You gain XP in it each time you cast a spell. The number of xp is equal to the spell's magnitude minus your Corruption Score (min 0).
Option: Corruption Knowledge. Learning a spell also increases Corruption, as above.
Option: Slow Rot. When casting a spell, you always gain at least 1 corruption XP.
Option: Tempting Evil. Corruption adds its score to all spell casting rolls

The SG must also decide if magics which give Corrumtion (Warping, such as CrVi) exists or not. If so, these are foulsome indeed.

What does Corruption do?
One possibility is that you must take "free" Infernal-related flaws at least equal to your Corruption score. You may change these whenever your Score increases.
But this can multiply instances of Story flaws, which may be a burden. So let's try something else.

Corruption has several effects:
a) It acts as a malus for anything related to good impressions, gaining trust... In short, it is not very different from the Gift save if you want to frighten someone, things like that: It acts as a bonus to frighten or intimidate people.
Option: This looks bad. You actually change physically, maybe depending on your highest art, like monstruous appearance, but think "demonic"
Option: Hidden Evil: As "This looks bad", but the changes are only visible through SS, sense evil, InVi...
Option: Demon amongst Demons: You Corruption Score acts as a Hierarchy Score with Demons

b) It opposes virtuous personality traits, diminishing them or increasing bad ones. Check RoP: tI, I believe it may be of great help for this. You may want to limit that to some virtues, like Charity. At corruption 3, this acts like a Minor Flaw. At Corruption 6, this acts like a Major flaw.

Option: Fighting the Taint. The return of the base version, with similar caveats. You may refuse Corruption. For that, you may take "free" Infernal-related flaws. Their act to decrease your Corruption Score, not unlike a reverse Puissant.
Option: ... Or at least trying to: An add-on to the option above: You can't really hold Corruption at bay. Add flaws points together on the Arts xp table to determine the malus to your Corruption Score (So you need 6 flaw points to apply -3 to your Corruption Score)

  1. Life Force

We did this above.

  1. Yummy for bad things

Hum... I'll keep this for tomorrow. Well, tomorrow tomorrow: We are tomorrow and I did a bunch of add-ons for Corruption.
Actually, I was interrupted, so we're the next week. Yeah!

Keep it simple.
I'd take a page from the Trollsynir, replacing Valkyries by fearsome beings.

But that's not the demand. Hum...
You could roll botch dices for the spell (1/mag). For each botch, the SG could either:
a) Attract right now beings with a combined Might of 10 per botch
b) Store the botch to add 5 might to a future botch result.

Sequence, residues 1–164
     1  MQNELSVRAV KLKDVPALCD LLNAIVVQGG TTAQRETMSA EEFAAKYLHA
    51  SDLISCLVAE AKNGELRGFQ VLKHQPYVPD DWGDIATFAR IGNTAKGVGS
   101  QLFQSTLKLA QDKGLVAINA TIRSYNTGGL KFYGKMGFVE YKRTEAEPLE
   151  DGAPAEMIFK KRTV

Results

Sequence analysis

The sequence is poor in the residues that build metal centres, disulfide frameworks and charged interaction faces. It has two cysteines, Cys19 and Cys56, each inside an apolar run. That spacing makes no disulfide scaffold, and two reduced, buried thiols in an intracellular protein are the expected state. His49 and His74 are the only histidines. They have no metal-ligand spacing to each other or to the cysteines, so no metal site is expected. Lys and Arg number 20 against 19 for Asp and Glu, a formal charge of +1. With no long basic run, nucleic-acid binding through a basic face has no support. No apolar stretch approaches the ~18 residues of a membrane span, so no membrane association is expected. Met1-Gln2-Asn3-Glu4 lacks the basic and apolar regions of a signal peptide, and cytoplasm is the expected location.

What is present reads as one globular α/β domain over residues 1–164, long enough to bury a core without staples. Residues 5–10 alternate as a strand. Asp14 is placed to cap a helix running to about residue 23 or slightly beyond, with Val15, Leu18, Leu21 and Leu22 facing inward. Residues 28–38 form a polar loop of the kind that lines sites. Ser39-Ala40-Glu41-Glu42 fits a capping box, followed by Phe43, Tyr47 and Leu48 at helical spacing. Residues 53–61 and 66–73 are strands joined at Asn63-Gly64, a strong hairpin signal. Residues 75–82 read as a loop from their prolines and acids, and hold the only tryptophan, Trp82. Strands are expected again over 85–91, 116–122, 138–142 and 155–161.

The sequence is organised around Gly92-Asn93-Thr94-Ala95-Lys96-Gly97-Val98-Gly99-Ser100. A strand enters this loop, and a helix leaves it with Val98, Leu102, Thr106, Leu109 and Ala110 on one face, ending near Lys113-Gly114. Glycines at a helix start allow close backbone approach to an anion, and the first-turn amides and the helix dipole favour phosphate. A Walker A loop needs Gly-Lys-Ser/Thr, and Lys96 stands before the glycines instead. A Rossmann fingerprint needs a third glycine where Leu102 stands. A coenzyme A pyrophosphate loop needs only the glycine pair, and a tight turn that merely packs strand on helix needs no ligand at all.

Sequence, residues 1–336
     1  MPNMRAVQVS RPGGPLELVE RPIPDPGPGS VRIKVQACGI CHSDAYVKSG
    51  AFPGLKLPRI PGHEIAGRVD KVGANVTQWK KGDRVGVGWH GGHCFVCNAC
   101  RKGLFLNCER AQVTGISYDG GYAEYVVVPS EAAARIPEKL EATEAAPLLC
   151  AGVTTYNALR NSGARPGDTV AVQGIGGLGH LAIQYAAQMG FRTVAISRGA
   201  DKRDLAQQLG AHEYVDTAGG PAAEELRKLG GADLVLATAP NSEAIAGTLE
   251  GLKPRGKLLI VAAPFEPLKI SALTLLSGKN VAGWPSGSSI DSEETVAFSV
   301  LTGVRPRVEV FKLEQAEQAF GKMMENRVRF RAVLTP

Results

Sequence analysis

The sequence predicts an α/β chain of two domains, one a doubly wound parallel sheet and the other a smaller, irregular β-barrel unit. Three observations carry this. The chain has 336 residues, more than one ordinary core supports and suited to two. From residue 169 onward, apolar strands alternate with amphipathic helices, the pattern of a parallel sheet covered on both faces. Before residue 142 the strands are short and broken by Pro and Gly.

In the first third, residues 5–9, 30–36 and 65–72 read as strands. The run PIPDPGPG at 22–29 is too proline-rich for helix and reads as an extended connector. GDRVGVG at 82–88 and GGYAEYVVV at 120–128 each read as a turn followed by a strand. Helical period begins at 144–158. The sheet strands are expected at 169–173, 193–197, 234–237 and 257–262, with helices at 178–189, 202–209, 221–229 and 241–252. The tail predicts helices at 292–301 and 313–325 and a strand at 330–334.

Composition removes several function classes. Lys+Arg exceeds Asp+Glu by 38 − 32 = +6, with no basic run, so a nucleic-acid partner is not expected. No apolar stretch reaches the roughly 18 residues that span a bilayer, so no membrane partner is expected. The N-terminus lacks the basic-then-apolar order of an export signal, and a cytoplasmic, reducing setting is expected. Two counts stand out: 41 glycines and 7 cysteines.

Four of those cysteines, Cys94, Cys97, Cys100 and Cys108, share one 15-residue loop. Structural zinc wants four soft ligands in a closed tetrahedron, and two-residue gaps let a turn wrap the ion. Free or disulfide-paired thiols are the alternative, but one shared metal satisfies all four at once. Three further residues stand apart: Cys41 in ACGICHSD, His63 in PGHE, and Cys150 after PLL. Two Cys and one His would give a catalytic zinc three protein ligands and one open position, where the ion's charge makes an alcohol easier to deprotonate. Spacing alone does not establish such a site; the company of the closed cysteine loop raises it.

You could also roll a stress die + magnitude over a difficulty based on the Aura (Say, 12 - Magic Aura), with each point above the difficulty being handled as above. I'd put a cap on the result, obviously (This is an example about why, as a matter of taste, I don't like the explodey part of the stress rolls)

  1. Magic drives you mad

I suppose you're going for the cosmic horror vibe, à la Chtulhu. Can we do this? Hum...

Ok, let's posit a mechanism similar to Corruption, called Madness.
a) Your Madness score acts as a penalty on all Academic (and possibly Arcane) skills, as well as any XP source (teaching, books...) you may provide on these matters. That penalty is diminished by your audience's own Madness, to a minimum of 0.
Option: Twisted Insights. Add your Madness score to the Source Quality of your teachings and books on magic arts and skills, if the "target" takes as many Madness points. Otherwise, it acts as a penalty.
Option: Mad Genius. AS Twisted Insights above, but also applies to Academic (and/or Arcane, if concerned) skills.
b) You must take a number of points of personality flaws equal to your Madness Rating. You may take appropriate General Flaws
c) Each time your Madness score increased, you lose your mind entirely. Roll as per an episode of Twilight to know the duration.

  1. Magic taints or destroys the land

I believe I may have given an example of this before? I can't remember. Anyway.

You could use a mechanism similar to what the Trollsynir are doing anytime a Ritual spell is cast, or an Enchantment created.
Serf's parma, so I don't remember how this works, but this should fit the bill nicely.

Otherwise... Let's say
If you botch, reduce the local aura of 1 per botch. This lasts a season for Spontaneous and Formulaic Magic, a Year for a Ritual
If the aura is reduced to 0, the effect are permanent.
If the aura is reduced below 0, the place gains environmental hooks (as per Covenant), or maybe flaws (a place may be Tainted with Evil, for example)
Any Aura point below 0, the Aura is inimical to magic (use the Magic vs Divine realm interaction chart)

Aaaaaaand I believe that's all!
I had fun writing these, although it took me some time, I hope you'll have fun reading these too :slight_smile:

Next time, I want to write a mock-up Rival tradition using some of these options: The Red Black Wizards of thay.